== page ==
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The earliest Slavic name for the river, Slavyanka, appears on a Russian-American Company chart dated 1817.The river takes its current name from Russian Ivan Kuskov of the Russian-American Company, who explored the river in the early 19th century and established the Fort Ross colony 10 mi (16 km) northwest of its mouth.It is very safe at that time for swimming and boating, with a gentle current. Holway wrote of the Russian River in his 1917 paper "The Russian River: A Characteristic Stream of the California Coast Ranges".The river is dangerous in the winter, with swift current and muddy water. Originally, the Russian River was one of several rivers draining westward from the Mayacamas Mountains through the Mendocino Plateau to the sea, a region lifted up by tectonic forces. Being at a lower elevation, the Russian River began cutting north into the drainage area of the Navarro River.However, the Russian-American Company's Ivan Kuskov sailed into Bodega Bay in 1809 on the Kodiak and, after exploring 50 miles of the Russian River, returned to Novo Arkhangelsk, Alaska (Sitka), with beaver skins and over 2,000 sea otter (Enhydra lutris) pelts.The Russians' stated reason for establishing a settlement in Alta California was, "The rich, fertile soil [and] the abundance of seal, otter and beaver were the principal factors which favored this colonization." An 1816 report by the Russian-American Company's Board of Directors said that it was establishing a settlement to introduce agriculture.(page 33, After December 16, 1813: A report to Emperor Alexander I from the Russian American Company Council, concerning trade with California and the establishment of Fort Ross) Before establishing a southern colony at Fort Ross, the Russian-American Company contracted with American ships beginning in 1806, providing them with Aleuts and their baidarkas (kayaks) to hunt otter on the coast of Spanish California.Water transferred from the Eel River and released from Lake Mendocino flows through the Russian River channel to withdrawal points in Sonoma County.Although this method of transport supports aquatic and riparian zone habitats, it is vulnerable to chemical contamination from transportation accidents where the river is in close proximity to highway 101 and Northwestern Pacific Railroad transportation corridors in locations like the canyon between Cloverdale and Hopland.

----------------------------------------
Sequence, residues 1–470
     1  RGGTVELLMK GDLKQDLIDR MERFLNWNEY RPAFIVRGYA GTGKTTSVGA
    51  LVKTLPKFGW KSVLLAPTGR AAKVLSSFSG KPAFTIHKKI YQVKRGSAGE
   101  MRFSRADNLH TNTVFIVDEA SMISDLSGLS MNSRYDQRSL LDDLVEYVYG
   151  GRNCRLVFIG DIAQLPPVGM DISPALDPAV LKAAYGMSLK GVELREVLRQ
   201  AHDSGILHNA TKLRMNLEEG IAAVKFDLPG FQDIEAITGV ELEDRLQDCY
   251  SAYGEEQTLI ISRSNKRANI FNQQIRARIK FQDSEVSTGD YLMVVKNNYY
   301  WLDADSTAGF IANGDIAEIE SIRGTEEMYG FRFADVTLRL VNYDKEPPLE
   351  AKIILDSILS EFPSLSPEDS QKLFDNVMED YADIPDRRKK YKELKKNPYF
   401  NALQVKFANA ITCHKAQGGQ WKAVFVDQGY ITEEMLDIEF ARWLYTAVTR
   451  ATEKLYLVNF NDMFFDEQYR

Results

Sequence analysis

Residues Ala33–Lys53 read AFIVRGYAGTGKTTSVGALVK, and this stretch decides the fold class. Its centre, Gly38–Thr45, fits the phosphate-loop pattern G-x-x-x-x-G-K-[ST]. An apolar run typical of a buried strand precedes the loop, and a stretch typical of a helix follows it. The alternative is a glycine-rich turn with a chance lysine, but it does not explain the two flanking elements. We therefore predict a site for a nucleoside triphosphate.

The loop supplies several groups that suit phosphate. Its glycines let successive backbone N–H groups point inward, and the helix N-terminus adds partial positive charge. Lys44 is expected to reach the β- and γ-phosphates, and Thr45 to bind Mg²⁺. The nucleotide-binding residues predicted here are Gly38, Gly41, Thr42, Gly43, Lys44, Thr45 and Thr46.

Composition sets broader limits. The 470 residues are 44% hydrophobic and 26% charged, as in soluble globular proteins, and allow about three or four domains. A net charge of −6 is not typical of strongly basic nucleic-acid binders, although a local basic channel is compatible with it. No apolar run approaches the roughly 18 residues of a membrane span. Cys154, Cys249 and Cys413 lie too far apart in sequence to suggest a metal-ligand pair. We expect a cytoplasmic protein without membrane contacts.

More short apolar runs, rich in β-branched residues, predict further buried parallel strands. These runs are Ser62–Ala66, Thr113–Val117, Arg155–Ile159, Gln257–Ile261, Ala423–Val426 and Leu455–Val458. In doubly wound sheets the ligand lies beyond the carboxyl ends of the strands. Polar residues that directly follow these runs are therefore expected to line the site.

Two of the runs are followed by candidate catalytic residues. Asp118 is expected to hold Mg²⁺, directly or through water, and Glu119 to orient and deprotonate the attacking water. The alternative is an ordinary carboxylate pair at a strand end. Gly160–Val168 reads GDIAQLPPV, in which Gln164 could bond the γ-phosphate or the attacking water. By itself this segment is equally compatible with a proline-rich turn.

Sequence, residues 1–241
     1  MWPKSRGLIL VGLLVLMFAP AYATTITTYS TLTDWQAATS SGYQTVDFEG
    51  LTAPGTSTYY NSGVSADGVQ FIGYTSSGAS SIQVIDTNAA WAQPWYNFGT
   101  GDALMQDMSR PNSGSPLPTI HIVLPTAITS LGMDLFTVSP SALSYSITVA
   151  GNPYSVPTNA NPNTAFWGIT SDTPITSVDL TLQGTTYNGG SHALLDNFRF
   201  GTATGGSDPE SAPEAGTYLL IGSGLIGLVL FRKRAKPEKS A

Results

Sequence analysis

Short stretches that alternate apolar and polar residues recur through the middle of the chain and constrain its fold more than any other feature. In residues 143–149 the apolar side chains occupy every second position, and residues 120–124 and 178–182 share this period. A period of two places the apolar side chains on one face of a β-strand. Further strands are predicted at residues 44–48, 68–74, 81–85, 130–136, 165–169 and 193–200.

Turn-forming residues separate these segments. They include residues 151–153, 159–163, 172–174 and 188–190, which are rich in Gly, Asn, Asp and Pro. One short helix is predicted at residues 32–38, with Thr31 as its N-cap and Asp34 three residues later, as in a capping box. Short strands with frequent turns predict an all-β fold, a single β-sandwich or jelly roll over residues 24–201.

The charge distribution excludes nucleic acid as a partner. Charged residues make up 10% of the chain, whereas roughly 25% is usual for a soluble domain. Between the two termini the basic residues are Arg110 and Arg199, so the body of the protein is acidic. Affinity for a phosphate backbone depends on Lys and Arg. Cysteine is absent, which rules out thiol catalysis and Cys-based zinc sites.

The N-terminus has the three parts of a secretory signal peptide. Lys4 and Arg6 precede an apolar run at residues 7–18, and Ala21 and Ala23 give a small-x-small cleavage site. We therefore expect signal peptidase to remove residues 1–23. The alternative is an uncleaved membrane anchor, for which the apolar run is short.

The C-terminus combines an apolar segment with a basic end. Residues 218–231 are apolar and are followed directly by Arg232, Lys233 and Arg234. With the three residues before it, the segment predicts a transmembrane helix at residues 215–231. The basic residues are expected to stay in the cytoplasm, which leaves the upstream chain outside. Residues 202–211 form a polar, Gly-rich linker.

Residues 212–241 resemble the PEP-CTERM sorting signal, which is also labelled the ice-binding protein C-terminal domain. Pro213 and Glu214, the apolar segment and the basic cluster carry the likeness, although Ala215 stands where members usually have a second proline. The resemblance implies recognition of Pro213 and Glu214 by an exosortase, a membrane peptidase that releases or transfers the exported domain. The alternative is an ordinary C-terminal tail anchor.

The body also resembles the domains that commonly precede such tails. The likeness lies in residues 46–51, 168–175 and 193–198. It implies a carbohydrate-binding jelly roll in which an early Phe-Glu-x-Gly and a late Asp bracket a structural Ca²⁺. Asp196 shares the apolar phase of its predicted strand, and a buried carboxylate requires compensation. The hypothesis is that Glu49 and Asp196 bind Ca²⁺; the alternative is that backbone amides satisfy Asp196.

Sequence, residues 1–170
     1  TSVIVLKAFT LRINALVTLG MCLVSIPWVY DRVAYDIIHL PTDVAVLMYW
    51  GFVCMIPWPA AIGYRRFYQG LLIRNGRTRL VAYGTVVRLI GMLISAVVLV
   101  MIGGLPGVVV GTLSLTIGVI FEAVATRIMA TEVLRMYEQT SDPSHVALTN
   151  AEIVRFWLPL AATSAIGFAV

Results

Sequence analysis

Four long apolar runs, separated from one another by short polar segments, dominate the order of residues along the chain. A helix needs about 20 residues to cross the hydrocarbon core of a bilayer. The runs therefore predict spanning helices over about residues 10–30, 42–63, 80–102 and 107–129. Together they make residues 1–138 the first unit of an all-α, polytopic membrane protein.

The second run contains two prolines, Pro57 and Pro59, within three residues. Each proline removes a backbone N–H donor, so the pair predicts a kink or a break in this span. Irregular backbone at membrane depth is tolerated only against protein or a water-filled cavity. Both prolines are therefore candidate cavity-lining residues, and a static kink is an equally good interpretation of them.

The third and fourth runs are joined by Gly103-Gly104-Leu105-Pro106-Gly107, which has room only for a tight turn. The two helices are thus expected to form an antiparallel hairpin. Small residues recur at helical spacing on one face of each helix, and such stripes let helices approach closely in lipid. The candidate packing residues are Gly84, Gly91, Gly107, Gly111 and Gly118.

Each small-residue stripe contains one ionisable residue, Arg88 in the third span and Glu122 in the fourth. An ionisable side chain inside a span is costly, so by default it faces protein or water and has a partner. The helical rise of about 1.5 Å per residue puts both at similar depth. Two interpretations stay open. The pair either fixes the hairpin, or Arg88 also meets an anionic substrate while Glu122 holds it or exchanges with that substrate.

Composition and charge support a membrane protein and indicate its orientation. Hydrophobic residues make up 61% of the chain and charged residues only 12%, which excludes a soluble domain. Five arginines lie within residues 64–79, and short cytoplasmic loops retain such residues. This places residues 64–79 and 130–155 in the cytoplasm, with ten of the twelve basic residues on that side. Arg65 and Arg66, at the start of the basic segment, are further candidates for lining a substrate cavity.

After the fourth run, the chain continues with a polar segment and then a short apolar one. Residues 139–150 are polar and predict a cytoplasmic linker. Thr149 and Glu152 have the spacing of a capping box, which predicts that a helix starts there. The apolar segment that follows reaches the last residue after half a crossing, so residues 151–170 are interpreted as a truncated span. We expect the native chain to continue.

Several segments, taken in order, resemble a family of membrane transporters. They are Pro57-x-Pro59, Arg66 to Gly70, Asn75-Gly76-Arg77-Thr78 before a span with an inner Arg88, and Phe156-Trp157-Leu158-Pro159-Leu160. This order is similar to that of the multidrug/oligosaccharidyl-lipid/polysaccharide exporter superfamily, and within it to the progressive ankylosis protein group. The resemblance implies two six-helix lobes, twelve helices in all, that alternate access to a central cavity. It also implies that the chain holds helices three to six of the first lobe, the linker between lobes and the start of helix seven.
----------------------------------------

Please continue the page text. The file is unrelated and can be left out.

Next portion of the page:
In 2001 the Coho salmon (Oncorhynchus kisutch) had dwindled to less than four returning spawners per year.The Russian River reached flood stage of 32 feet (9.8 m) at Guerneville about five times per decade through the last half of the 20th century.Historic flood peaks were 49.5 feet (15.1 m) in February 1986, 48 feet (15 m) in January 1995, 47.6 feet (14.5 m) in December 1955, 47.3 feet (14.4 m) in December 1964, and 46.9 feet (14.3 m) in February 1940.However, in 2007, the Sonoma County Water Agency completed a comprehensive re-evaluation of historical records, coupled with a 5-year monitoring program using underwater cameras at two fish ladders just north of Forestville.They found that Chinook always were, and still are, "a relatively abundant, widely distributed, and naturally self-sustaining population".
Recent genetic studies on steelhead collected at 20 different sites both above and below passage barriers in the watershed found that despite the fact that 30 million hatchery trout were stocked in the river from 1911 to 1925, the steelhead remain of native and not hatchery stock.